Global studies have shown links between urban sprawl and detrimental effects ranging from loss of natural habitats to greater wealth disparity.8 The increased hassle from long commutes may be a particularly damaging effect of sprawl, as the findings from Beijing, the most sprawling city in our sample, demonstrate. “The longer you spend in transit each week, the less time you spend with your friends and family and less time you have for leisure opportunities,” says Ms McCay. “Commutes represent a lost opportunity.”
The sheer pace of urban change, rather than simply its magnitude, may also play a role in the mental pressures felt by our Beijing and Shanghai sample. Research has shown a correlation between urban expansion and depression in China.9 Juan Chen, associate professor of applied social sciences at The Hong Kong Polytechnic University and the leading author of the urbanisation and mental health study, speculates that rapid changes in the urban landscape can lead to feelings of dislocation and unhappiness. “In cities like Beijing and Shanghai, you see so much construction going up overnight, which leads to many changes in people’s everyday life experiences,” she says.
On the other hand, high urban density, when managed well, has been shown to increase quality of life and boost positive mental outcomes. When complemented by robust infrastructure—something that Hong Kong and Singapore have in abundance, according to the World Economic Forum, which ranks the two cities first and second, respectively, in a global ranking of the quality of physical infrastructure10—density can raise convenience by promoting the agglomeration of goods and services and shortening commutes.11 One European study showed a negative correlation between higher urban density and increased risk of depression.12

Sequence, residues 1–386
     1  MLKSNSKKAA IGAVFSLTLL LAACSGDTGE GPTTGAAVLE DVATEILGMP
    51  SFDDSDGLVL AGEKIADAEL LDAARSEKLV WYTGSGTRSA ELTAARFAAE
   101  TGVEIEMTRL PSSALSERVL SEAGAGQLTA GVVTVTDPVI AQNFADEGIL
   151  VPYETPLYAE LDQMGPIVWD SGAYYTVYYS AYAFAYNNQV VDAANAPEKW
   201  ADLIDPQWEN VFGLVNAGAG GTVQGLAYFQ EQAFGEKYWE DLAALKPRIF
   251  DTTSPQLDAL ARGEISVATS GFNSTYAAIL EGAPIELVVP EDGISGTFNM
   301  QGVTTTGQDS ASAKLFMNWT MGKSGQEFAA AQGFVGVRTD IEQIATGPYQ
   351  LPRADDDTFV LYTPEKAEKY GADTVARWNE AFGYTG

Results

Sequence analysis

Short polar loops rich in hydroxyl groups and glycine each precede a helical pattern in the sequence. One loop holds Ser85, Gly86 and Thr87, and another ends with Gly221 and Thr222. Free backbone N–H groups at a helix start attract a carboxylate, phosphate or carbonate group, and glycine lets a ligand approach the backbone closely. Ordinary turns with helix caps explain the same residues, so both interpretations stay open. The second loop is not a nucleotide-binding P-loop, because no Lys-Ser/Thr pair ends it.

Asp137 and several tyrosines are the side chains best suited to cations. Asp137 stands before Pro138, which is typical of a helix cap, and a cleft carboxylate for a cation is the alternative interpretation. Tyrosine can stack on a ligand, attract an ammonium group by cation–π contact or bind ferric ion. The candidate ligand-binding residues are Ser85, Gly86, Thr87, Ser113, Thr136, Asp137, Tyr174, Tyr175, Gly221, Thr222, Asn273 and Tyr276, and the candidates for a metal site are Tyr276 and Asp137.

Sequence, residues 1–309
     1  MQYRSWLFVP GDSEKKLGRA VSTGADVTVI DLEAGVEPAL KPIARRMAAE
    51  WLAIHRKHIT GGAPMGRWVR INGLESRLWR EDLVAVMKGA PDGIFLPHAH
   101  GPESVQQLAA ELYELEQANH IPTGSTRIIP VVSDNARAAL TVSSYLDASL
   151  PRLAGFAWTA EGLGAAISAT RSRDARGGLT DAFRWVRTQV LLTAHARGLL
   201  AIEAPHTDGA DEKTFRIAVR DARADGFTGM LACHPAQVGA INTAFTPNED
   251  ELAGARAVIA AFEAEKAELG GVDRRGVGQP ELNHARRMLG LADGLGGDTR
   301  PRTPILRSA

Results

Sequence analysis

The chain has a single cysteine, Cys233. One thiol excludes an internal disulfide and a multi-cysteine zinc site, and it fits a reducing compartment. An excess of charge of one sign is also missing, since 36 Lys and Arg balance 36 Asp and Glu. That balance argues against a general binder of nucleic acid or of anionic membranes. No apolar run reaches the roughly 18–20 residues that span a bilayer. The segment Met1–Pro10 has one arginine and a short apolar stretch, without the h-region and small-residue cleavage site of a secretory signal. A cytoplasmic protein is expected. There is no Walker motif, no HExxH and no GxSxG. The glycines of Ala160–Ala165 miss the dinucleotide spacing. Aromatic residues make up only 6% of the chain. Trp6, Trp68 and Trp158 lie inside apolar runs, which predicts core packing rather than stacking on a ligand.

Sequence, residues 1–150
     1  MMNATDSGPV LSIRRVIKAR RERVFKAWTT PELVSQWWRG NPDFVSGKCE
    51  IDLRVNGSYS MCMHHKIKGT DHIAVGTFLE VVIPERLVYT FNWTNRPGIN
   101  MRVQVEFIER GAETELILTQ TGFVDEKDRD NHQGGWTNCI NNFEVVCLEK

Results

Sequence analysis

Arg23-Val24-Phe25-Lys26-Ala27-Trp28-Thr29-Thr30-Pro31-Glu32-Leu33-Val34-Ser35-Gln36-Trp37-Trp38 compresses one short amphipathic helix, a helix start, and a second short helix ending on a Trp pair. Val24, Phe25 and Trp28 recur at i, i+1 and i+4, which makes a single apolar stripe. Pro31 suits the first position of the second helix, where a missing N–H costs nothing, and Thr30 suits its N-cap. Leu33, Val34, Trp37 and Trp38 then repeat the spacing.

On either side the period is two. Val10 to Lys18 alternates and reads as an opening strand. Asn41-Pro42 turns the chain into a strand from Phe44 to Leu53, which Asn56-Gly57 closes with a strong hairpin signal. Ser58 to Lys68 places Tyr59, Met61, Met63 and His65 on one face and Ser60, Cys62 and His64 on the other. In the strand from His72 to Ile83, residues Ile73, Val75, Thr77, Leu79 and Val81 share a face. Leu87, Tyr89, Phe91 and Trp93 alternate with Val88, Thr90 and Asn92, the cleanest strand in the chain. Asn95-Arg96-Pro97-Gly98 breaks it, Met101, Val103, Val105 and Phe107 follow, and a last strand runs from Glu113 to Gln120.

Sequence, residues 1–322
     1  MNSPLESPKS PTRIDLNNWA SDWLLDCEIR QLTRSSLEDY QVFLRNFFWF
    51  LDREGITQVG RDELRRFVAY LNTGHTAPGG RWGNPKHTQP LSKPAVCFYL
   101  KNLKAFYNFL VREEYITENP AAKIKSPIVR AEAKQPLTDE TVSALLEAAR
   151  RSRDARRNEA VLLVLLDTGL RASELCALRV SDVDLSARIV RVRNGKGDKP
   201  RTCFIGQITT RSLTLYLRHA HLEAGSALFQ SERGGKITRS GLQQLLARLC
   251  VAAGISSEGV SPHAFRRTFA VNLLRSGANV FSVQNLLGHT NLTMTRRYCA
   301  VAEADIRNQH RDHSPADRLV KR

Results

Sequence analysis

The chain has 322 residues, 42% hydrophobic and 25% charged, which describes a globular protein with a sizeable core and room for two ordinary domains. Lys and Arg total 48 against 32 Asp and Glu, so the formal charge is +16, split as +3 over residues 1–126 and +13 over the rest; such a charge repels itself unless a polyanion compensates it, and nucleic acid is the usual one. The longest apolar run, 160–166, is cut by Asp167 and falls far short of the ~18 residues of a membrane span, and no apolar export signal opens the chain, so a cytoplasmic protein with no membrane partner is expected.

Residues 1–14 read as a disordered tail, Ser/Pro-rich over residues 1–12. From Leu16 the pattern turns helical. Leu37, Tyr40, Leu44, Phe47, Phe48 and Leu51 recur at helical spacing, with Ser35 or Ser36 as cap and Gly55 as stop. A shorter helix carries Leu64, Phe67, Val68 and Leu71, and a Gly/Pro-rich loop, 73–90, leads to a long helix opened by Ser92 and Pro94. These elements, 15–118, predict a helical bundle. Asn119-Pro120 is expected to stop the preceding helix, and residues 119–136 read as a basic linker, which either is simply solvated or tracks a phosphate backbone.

CITIES ON THE MOVE
How residents of our five cities cope with the pressure of urban living are also split along the dense/sprawling divide. According to our survey, Beijingers and Shanghainese show a much higher propensity towards active release outlets like exercise and hiking, while Hongkongers, Singaporeans and Taipeinese are, comparatively, glued to the TV.
This could reflect a potential benefit to sprawling urban areas, despite all their ostensible drawbacks: more readily available outdoor space to enjoy physical activity, such as the group dancing popular in many Chinese cities. Climate may also play a role; both Ms McCay and Ms Chen emphasise that hotter, tropical environments like those in Hong Kong and Singapore deter people from spending time outdoors.
Other popular outlets include shopping and socialising with friends and family, both of which were cited by about a quarter of all respondents, and reading, noted by nearly a fifth. Using social media garnered slightly less support than reading, an interesting finding for this smartphone-addicted region. Regardless of the outlets people utilise, countering the negative effects of urban development will become more pressing as cities in Asia continue adding people and, potentially, sprawl.